One topic I really enjoyed in my high school art class was perspective, the artistic technique used to create the illusion of depth in a picture. This is a concept that is also studied in Geometry, and it is a concept that I found myself thinking of this past week as I laughed at the fact that my daughter seems to be at a point in her life where she thinks that the world revolves around her. This perspecticve is at least partially caused by the nurturing neighborhood that we live in, where everyone’s child is important and neighbors are people to not only live next door to but to also socialize with us and support us as we live our lives on a set of a few streets way off the beaten path.
This became clear last weekend, when a house in our neighborhood caught fire while its owners were away. Luckily, one of the neighbors heard the fire alarm go off, and was able to call the fire department in time to save the house and the dog inside. Unfortunately, saving the house and dog required breaking a front window, a cost that I am sure the owners were happy to pay in return for an intact house and a healthy pet. As is usual in our neighborhood, many of the neighbors gathered to watch the scene play out. While my husband and daughter went to see what was happening, I decided to stay home. When they returned they told me what had happened, and who was there.
I was reminded of an incident earlier in the summer, when a neighborhood boy and girl ventured out but did not return when they were expected home. What began as a few phone calls to neighbors asking “are they at your house?” evolved into a gathering on the street of many neighbors, which soon included police cars and a circling neighbor on a bike. It took a while to find the two children, who were promptly grounded until they turn 30, but the scene of neighbors banding together to help each other was one that has stuck in my mind for weeks. This is a neighborhood where parents look out for other people’s children as they play on our assorted backyards, and where the recent death of one neighbor’s father led to a phone tree around the neighborhood alerting everyone of the sad event. Many of the neighbors went to the wake and funeral to support the grieving daughter, just as I am sure that many neighbors will attend the wedding of one young woman who is getting married next spring. They have, after all, literally watched her grow up.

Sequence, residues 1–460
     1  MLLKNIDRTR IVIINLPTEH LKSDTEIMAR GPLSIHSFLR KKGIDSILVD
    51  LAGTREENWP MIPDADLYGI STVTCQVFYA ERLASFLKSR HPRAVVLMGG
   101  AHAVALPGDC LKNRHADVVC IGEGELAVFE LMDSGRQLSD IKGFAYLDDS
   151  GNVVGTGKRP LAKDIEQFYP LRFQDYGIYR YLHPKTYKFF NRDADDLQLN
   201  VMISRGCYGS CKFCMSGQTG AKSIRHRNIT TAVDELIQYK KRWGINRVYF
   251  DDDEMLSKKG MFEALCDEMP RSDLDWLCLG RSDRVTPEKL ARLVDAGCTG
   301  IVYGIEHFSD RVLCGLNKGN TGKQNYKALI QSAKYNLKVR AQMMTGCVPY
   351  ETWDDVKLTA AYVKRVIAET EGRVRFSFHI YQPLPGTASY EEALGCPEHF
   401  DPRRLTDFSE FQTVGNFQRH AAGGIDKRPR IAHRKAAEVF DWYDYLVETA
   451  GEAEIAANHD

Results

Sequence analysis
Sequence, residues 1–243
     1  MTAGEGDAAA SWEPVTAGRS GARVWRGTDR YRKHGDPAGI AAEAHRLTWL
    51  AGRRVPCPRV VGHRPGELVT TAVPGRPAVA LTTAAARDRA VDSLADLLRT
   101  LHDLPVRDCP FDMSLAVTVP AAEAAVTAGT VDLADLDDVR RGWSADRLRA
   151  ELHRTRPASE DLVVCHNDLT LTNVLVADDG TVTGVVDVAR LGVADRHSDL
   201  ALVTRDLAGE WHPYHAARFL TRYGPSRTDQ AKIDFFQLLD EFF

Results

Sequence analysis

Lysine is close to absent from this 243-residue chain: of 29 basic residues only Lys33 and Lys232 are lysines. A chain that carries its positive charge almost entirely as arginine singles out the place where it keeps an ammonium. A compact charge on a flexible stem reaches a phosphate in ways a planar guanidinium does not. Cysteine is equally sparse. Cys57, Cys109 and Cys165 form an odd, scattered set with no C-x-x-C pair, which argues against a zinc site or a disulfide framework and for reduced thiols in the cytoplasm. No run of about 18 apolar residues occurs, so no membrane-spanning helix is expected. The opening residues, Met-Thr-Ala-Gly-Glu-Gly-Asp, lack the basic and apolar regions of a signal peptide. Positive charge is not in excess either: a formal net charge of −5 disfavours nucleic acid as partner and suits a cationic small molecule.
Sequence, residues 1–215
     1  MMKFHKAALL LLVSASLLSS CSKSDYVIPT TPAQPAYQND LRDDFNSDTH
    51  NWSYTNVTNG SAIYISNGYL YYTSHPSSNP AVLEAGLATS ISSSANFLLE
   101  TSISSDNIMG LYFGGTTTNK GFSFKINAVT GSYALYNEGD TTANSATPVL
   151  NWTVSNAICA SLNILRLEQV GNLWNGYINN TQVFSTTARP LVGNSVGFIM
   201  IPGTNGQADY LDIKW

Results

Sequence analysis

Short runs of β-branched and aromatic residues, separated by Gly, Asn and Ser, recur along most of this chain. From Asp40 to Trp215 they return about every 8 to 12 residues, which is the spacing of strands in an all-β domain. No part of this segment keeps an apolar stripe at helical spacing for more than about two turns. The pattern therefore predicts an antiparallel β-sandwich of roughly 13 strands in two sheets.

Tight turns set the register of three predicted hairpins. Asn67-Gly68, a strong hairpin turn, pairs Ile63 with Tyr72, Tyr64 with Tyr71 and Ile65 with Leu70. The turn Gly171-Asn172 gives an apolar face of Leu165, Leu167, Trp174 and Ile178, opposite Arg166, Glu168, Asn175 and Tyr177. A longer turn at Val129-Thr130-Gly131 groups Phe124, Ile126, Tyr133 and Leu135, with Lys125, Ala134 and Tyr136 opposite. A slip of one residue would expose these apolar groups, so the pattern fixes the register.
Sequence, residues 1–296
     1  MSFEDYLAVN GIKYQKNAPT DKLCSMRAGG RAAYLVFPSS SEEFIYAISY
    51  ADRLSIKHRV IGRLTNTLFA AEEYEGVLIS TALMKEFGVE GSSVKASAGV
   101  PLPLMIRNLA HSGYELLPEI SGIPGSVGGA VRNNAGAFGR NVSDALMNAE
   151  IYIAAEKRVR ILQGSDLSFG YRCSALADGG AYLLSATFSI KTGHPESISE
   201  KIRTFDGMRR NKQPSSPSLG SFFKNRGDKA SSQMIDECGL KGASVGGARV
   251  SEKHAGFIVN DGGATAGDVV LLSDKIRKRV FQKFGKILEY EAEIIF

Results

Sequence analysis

Our neighborhood was recently joined by a new family, which includes a girl not much older than my own daughter. My daughter is used to playing with the many boys in the neighborhood, and has no problem with digging for worms or playing basketball with them. However, I think that finding another girl to hang out with has been a welcome event in my daughter’s life, and I am happy that the new girl is so nice and so responsible. During the summer, she was over most evenings as they rode bikes and played in our backyard, sometimes sharing dinner together. I am happy to have my daughter play with her, even though she is a few years older than my daughter. I do realize that the friendship will not last forever as this new neighbor ventures into the world of the middle teen years. But for now, she is a welcome addition to my daughter’s life.
I was not surprised to learn that our new neighbors were among those congregating at the fire last weekend, as they have seamlessly made their way into the community that is our neighborhood. However, I am afraid that my daughter’s perspective on the matter is a little biased. When she picked up the newspaper the next day to read the article about the fire to us, she began by reading the text as written, telling us about a house fire on the neighboring street, but then began to improvise by adding a few lines about how the fire was in a house that was around the corner from our street, even reading her name and claiming that the newspaper noted that it was near where she lives. "Wait a minute," we stopped her. "You are important, but you are just not that famous!"
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